The Warden of Hastings County says he’s “not here to throw stones” but Belleville must pay its share of the joint Long Term Care budget at the 2018 level.
At county council’s meeting on Thursday, there was a lengthy discussion on Belleville’s decision not to support the budget increases for Hastings Manor and Centennial Manor which are at 17% and 31%.
The increase for all shared services, including Emergency Services and Community and Human Services together, was 3.5%.
It had been pointed out earlier, that without Belleville meeting this year’s budget increase, 6.25 full-time jobs at Hastings Manor and 9.1 full-time jobs at Centennial Manor would be cut.
Officials said Long Term Care budget hikes stemmed from new provincial legislation, Bill 148, regarding increased employee requirements at Long Term Care facilities and benefits that include days off for health issues.
Warden Rodney Cooney.
Cooney also noted the city has a contract with the county for the services and there’s the possibility it could go to arbitration if not settled..
Cooney said, “Last year we asked for a meeting three times and it never happened. If Belleville has a better solution bring it to us.”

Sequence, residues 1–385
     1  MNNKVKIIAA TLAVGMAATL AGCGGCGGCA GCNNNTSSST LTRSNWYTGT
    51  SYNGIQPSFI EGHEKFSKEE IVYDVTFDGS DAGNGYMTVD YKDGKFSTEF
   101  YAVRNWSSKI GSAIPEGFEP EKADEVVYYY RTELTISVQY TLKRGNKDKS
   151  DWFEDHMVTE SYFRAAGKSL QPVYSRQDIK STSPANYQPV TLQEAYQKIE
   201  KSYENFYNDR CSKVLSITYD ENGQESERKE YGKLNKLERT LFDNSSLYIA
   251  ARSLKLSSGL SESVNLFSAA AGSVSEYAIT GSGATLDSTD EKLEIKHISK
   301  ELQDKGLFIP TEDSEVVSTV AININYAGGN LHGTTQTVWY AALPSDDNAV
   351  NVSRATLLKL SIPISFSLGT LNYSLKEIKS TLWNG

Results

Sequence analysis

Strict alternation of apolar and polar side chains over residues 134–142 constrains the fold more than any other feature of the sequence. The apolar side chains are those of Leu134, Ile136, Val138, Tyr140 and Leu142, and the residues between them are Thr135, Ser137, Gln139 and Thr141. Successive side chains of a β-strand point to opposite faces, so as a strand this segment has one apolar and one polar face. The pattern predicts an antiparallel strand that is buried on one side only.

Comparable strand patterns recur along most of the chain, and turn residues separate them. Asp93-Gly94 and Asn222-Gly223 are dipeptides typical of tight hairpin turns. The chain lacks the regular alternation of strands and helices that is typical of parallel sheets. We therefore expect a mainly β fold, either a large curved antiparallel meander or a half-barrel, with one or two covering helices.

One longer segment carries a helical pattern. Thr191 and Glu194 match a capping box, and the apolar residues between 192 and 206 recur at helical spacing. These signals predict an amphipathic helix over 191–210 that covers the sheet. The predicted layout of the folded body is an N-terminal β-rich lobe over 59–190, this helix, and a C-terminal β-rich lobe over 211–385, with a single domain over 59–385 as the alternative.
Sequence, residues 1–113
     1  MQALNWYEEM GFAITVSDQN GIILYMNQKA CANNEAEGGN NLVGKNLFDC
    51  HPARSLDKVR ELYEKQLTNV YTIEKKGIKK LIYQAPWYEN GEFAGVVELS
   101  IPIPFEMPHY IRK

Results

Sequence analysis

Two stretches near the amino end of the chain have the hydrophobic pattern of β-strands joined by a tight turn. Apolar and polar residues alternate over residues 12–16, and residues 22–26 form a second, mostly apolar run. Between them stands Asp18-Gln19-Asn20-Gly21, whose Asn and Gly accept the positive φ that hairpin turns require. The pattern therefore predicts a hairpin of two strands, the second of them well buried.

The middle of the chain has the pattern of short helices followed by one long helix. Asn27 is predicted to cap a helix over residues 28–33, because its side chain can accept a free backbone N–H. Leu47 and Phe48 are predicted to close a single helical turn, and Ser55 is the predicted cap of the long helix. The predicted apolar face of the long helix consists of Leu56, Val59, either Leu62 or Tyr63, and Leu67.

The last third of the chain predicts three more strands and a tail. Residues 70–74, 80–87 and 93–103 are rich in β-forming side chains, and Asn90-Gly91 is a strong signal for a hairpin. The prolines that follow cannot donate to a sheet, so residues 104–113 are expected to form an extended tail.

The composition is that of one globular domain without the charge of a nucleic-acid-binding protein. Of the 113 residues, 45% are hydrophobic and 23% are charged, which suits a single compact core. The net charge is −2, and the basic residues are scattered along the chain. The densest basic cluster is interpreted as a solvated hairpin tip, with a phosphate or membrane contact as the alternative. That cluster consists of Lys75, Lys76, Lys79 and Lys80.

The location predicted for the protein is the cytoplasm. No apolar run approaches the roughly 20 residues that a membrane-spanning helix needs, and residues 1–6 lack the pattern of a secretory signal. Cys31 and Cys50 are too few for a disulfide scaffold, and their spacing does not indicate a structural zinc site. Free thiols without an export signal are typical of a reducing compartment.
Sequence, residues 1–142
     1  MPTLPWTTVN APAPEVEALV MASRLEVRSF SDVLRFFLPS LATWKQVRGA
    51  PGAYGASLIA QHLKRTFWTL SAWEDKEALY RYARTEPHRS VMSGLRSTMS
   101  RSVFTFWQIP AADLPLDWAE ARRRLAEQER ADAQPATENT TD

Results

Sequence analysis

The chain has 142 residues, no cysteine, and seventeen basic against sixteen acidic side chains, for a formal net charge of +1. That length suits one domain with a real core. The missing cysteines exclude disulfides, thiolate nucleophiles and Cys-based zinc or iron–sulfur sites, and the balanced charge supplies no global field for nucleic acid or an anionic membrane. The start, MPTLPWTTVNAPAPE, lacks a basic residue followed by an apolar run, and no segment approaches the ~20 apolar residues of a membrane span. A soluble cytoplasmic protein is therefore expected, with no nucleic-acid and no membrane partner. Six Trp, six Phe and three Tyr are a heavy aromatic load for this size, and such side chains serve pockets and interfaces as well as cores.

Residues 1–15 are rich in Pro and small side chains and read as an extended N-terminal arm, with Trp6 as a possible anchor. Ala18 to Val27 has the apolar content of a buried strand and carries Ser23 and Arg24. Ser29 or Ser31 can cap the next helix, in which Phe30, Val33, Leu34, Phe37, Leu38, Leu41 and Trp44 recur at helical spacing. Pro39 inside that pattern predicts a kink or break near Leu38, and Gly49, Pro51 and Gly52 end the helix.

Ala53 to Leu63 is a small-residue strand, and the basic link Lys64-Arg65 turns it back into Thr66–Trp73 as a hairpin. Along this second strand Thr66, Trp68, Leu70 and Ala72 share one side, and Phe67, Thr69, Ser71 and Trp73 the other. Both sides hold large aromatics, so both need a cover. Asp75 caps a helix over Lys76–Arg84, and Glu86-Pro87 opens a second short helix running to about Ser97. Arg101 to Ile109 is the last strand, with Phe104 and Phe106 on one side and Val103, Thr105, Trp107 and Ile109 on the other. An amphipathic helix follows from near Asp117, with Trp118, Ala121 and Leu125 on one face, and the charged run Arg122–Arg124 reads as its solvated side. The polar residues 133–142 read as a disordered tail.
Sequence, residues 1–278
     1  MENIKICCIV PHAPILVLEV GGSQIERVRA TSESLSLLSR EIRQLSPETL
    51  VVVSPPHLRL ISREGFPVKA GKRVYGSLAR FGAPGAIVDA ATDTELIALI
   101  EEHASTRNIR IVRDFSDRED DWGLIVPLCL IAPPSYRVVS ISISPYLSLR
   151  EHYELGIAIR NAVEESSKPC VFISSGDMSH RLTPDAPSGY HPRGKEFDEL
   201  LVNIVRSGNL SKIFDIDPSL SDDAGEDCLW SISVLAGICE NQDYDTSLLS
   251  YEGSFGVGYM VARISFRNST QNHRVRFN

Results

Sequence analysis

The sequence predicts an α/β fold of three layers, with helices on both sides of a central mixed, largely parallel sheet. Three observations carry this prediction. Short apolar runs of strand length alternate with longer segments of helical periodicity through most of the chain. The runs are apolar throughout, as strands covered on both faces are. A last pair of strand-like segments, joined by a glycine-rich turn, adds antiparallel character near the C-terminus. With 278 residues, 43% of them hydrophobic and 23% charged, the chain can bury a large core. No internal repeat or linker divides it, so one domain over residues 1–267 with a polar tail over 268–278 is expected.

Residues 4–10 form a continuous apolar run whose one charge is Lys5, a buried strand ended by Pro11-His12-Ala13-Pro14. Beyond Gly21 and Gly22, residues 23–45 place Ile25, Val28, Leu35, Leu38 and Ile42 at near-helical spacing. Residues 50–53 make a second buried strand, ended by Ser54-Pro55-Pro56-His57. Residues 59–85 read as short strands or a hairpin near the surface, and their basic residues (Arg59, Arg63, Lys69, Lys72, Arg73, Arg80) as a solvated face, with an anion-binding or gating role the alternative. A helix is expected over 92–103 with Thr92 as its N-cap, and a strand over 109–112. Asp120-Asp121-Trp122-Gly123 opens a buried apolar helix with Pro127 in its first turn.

Belleville Councillor Kelly McCaw, a member of the shared services committees, tells Quinte News it’s going to have to come back to city council.
County CAO Jim Pine said there is “no undue spending going on, just paying down debts.” He said “The idea the county is spendthrift, throwing money around, kind of rankles.”
He read out the letter from the city outlining city council decisions along with the notice about the budget payment at 2017 level. It called for an audit of social service housing outdoor lighting, a comparison of staff cost at municipal LTC facilities compared to municipal, the feasibility of withdrawing from Centennial Manor, and the feasibility of the city operating paramedic services.
Pine said, “That’s a lot of work for a lot of nothing.”